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Royal honour for BCA community champion

PROUD: Dawn Hill has been awarded a CBE in this year’s New Year’s Honours

DAWN HILL, chair of Black Cultural Archives (BCA), the UK’s only national repository of black history and culture, has been made a CBE – Commander of the Most Excellent Order of the British Empire – in the Queen’s New Year’s Honours list.

The award was given for her “pivotal contribution to recording and celebrating black history and heritage in the UK”. Hill has been a Trustee for Black Cultural Archives (BCA) since 1988, becoming the Vice Chair in 2001 and current Chair in 2012.

Under her leadership, the BCA secured £6.9m of project funding to open its current iconic home next to Windrush Square in the heart of Brixton, south London. Now engaging 50,000 learners and visitors every year, the BCA champions black history within the British cultural and heritage landscape.

Her work at the BCA in promot- ing black history in the UK has been recognised by Prince Charles who visited the centre in 2016 and Prime Minister Theresa May who awarded the campaigner a Points of Light Award in October at a special Black History Month reception at 10 Downing Street.

During the reception, Mrs May told her: “At the Black Cultural Archives you have been fundamental in creating a vitally important national resource that is a shining light on the achievements of individuals of African and African Caribbean descent in British society.”

Speaking about the CBE award, Hill told The Voice: “It’s very humbling. During all those years working with the Black Cultural Archives and all the other community work I’ve done I haven’t thought about awards.


PICTURED: Dawn Hill with Prime Minister Theresa May

“If I have certain qualifications in an area and people think I can help then I will. But the CBE is very encouraging, because it shines a light on importance of the work that the Black Cultural Archives does in educating the public about the important contribution that is African and Caribbean communities have made to this country.”

Hill continued: “It also highlights this importance to young people. “Too often black children get turned off with anything to do with black history because all they’re ever told is when slavery is abolished as if that is the only thing that’s ever happened to black people.

“But black people have been in this country from Roman times. History tells a big story and currently it is too often being told from one perspective.”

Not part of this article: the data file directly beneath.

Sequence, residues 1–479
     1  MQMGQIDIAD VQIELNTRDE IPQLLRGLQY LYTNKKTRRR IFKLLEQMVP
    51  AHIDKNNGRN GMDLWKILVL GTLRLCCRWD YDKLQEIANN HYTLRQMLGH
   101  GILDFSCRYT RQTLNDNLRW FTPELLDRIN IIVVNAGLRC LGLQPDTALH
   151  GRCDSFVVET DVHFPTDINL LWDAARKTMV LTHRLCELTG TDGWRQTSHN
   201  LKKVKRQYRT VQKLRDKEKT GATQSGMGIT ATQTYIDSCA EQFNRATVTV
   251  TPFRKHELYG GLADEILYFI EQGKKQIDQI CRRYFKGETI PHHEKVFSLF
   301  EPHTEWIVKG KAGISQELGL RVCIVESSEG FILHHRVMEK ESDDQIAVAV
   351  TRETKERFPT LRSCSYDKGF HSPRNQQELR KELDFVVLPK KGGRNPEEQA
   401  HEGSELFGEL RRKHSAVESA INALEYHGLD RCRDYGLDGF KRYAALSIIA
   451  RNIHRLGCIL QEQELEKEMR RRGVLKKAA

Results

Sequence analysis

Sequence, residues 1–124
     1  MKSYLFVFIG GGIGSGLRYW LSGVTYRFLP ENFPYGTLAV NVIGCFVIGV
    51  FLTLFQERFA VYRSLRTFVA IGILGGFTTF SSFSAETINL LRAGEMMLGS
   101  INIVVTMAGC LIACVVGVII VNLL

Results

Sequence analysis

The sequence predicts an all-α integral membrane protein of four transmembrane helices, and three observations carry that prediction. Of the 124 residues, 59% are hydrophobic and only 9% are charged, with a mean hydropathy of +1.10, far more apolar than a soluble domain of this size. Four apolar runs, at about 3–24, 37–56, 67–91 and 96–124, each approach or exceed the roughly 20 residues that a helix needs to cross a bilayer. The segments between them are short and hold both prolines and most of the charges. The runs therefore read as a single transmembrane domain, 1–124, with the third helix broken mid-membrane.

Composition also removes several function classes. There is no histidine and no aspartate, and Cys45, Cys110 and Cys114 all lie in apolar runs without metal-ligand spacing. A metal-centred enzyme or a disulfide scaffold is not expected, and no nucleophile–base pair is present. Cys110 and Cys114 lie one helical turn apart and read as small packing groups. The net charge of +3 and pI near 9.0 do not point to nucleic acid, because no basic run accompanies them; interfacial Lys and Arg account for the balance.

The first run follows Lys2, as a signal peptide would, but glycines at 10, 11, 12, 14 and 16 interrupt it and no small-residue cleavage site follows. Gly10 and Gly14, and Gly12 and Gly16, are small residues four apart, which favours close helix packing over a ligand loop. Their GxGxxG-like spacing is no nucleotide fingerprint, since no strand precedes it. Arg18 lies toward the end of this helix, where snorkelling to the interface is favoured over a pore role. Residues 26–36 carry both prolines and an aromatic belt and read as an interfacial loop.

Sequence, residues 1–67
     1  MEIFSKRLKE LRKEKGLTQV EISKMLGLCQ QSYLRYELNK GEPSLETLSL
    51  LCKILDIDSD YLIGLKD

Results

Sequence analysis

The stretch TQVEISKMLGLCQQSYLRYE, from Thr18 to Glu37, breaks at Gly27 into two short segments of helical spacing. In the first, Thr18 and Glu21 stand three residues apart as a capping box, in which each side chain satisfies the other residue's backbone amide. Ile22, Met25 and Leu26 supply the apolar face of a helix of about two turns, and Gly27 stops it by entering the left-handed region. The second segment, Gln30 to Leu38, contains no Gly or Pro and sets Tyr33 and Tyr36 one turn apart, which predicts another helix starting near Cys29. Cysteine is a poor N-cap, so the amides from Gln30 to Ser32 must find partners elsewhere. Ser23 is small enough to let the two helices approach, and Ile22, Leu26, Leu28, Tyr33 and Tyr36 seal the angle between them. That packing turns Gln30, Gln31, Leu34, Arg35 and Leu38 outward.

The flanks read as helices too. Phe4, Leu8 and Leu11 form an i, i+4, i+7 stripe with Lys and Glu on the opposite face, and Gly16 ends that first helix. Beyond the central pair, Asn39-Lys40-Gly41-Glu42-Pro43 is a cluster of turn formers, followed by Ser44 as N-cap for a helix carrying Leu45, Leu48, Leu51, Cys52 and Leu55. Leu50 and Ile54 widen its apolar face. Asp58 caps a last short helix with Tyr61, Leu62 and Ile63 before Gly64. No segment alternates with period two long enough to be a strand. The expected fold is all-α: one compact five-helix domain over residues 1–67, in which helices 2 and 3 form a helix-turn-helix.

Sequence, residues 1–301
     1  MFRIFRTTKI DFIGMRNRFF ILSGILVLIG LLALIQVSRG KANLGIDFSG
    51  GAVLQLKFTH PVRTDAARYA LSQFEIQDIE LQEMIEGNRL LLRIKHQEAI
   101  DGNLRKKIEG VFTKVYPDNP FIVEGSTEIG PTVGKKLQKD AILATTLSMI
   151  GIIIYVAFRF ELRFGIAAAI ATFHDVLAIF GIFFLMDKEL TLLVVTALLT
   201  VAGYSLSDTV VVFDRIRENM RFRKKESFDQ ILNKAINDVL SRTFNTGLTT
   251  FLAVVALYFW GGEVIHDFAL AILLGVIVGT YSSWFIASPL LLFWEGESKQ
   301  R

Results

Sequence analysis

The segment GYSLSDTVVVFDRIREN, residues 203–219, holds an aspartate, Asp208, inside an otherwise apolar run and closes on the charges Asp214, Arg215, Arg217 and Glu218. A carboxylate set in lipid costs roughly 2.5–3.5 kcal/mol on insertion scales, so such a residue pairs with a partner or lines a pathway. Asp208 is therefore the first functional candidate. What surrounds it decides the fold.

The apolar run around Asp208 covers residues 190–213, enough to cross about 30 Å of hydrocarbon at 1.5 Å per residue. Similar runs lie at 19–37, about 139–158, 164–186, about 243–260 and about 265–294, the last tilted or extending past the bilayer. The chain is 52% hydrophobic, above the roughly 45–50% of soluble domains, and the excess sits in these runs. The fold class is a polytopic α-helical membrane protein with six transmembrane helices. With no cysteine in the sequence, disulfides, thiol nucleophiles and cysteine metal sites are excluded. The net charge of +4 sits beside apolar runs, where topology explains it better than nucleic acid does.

Paul Reid, BCA director, said: “For approximately three decades, Dawn has been a leading light in the development and delivery of this award-winning facility and inserting largely unknown black history into British and global history.

“For Dawn to be recognised by the Queen with a CBE is very significant. The Queen’s honours
reflect what society as a whole considers as important. For Dawn to be recognised at this level means the contribution that black history has made to this country’s history and the work that Dawn has done on this is being recognised.”

Reid added: “Many great things have been happening at the Black Cultural Archives over the last few years. Prince Charles has visited. There has been David Olusoga’s Black and British documentary series, which we partnered with the BBC on, and we also hosted Nigeria’s Ooni of Ife. Dawn has been our chair through all of these events and she has been quite an important figurehead.”

Despite the elation of being recognised by the Queen, Hill says she is hard at work on her next project. The BCA recently launched a fundraising campaign called We Are One, a nationwide campaign to raise £30 million to help ensure that BCA is a lasting institution and legacy.

She said: “It is important that the black community gets behind the Black Cultural Archives, visits it, support the campaign and recognize its role as a community resource. We are asking everyone who believes in the importance of preserving and celebrating the many untold stories of Black Britain to support the campaign.”

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